The Congressional debate over abortion in the Affordable Care Act and the set-back to abortion coverage that the resulting law imposed was a wake-up call for the reproductive rights movement. Not only did the movement fail to block the addition of anti-choice restrictions to health care reform, but it also failed at key points during the legislative battle to fight those restrictions in a way that challenged the injustice and devastating health impact women have suffered already as a result of existing restrictions on federal funding for abortion care. As pro-choice Congressional leaders attempted to fight off new restrictions on abortion access, they described the prohibition on federal funding for abortion as the status quo, accepted that the Affordable Care Act would not change that, and in the end, voted for a bill that denied access to abortion for many women – particularly poor women and younger women. Why were movement leaders so unable to shape the debate in a way that allowed them to speak about the importance of access to abortion and the unfairness of denying it to the most vulnerable and underserved women?
Feminist Health Community Turns Out in Full-Force to Honor Susan Hester & Fushena Cruickshank at NWHN Fundraiser
On Tuesday, November 1, more than 130 people packed Busboys & Poets in Washington, D.C. for the National Women’s Health Network’s annual fall fundraiser. This year’s theme was 35 Years: Standing Strong, in celebration of the culmination of our 35th year as an organization. For the fourth consecutive year, we also presented two deserving activists with the Barbara Seaman Award for Activism in Women’s Health.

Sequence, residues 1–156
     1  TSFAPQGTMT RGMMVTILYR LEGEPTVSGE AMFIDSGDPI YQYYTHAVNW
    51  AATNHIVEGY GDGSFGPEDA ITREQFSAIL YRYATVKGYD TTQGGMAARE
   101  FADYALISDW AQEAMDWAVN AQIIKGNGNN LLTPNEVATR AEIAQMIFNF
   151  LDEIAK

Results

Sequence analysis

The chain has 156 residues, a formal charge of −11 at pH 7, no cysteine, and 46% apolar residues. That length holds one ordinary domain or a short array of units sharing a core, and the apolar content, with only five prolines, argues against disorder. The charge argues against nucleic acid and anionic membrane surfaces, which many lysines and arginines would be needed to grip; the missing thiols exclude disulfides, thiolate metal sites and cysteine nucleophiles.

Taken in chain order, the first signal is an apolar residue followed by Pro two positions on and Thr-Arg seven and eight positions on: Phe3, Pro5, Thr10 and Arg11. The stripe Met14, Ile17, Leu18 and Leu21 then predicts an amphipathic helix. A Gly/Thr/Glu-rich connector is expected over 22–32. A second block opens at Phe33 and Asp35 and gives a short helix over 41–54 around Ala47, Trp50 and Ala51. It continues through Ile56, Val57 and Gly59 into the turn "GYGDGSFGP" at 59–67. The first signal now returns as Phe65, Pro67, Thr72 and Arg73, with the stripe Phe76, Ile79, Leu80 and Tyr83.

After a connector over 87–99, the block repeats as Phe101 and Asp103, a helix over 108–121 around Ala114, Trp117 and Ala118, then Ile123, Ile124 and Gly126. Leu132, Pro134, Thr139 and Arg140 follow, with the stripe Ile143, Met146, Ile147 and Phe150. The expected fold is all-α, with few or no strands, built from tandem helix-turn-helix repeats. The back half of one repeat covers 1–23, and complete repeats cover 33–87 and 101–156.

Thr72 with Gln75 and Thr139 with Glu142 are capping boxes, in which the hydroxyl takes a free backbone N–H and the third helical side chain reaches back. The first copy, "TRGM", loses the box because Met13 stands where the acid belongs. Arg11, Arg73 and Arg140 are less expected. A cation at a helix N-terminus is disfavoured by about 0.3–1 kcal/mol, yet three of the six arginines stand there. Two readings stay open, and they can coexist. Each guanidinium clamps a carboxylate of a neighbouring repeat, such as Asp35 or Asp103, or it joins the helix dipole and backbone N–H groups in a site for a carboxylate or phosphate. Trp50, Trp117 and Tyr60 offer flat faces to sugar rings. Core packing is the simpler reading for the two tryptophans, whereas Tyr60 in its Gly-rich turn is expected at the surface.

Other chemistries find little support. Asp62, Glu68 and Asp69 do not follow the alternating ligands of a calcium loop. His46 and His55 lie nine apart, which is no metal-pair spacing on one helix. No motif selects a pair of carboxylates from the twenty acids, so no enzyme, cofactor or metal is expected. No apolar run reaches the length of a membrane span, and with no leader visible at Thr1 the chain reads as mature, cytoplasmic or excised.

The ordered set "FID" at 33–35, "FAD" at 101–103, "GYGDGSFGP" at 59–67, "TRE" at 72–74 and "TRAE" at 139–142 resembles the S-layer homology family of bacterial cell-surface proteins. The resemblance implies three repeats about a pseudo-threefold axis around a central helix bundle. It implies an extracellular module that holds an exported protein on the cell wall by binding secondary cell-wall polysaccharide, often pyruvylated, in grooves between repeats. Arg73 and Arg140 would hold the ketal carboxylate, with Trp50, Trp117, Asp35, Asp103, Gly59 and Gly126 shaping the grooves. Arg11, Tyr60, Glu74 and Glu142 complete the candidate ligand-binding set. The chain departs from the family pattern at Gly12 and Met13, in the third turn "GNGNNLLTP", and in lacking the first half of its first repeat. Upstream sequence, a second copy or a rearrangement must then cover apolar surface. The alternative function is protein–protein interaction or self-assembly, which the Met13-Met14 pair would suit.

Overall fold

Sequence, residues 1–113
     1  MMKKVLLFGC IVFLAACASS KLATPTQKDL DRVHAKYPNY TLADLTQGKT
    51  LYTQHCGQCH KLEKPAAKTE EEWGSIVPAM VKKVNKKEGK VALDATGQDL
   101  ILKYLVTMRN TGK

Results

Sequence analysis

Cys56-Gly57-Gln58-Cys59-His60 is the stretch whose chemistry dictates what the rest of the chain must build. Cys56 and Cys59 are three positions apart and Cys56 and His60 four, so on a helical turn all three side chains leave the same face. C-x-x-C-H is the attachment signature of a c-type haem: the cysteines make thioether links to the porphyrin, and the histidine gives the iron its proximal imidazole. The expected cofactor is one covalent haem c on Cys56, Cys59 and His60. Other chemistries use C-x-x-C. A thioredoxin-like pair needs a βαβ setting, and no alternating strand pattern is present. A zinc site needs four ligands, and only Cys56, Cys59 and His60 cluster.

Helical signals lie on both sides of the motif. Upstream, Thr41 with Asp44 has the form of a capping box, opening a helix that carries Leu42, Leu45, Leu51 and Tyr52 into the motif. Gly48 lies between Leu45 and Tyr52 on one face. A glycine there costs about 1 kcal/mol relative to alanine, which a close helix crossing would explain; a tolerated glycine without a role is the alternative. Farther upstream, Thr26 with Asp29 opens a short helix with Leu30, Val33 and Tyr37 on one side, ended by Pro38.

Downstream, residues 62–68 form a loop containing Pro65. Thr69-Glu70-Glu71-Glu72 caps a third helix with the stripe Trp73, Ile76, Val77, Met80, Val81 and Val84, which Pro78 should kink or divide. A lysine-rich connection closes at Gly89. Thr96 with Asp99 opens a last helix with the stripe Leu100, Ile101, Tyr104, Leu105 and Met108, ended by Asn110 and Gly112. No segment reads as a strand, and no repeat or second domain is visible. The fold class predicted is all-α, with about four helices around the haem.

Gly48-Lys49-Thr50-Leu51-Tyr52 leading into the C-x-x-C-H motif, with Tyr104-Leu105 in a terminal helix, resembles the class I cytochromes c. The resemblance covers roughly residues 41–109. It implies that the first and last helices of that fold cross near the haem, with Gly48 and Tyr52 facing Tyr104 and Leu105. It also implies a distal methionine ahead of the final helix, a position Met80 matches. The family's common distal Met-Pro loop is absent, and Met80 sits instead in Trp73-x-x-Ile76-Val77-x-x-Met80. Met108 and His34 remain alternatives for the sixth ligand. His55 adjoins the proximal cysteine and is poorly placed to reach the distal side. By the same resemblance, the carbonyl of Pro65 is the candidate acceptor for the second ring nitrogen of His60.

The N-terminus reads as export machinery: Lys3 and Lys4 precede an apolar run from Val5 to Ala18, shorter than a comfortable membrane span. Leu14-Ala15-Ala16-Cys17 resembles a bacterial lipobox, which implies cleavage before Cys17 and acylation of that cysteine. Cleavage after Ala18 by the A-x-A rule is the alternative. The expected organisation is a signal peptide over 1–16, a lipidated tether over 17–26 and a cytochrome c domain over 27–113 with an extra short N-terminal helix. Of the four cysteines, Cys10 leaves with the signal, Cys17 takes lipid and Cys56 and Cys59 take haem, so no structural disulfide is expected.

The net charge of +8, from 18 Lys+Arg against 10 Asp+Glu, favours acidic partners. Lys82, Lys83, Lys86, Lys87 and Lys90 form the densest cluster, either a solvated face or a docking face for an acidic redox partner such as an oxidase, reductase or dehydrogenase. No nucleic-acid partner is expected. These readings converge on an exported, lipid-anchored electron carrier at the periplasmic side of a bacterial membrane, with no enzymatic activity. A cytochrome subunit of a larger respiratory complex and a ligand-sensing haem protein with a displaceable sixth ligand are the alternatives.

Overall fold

By Cynthia Pearson
I’ve been thinking a lot about weather lately — bad weather. A big storm can make getting around difficult, disrupt our plans, and delay our arrival at our intended destination. Doesn’t that sound like what we’ve experienced recently with the politics of women’s health? Last fall, we thought we were on our way to a long-anticipated destination: the end of unjustified age restrictions on over-the-counter access to Emergency Contraception (EC). Then, a big storm blew through DC and, when it was over, the Food and Drug Administration’s (FDA) decision to remove the age limit had been overruled and our arrival at our desired destination delayed, once again.
This Halloween, an offensive costume called “Anna Rexia” was marketed on the Internet and in costume stores. It included a skeleton-print, skin-tight dress with a measuring-tape belt. One website raved, “Make no bones about it — this dress will spark some conversations!” Yes, it did! In response, Spark, a movement committed to ending the sexualization of girls, launched a petition on www.change.org asking Halloween Store to remove the costume from both its online store AND its shelves in Memphis, TN. Within five hours of the petition’s launch, the vendor promised to remove the costume from the Internet and storeroom shelves.
By Cheri Pies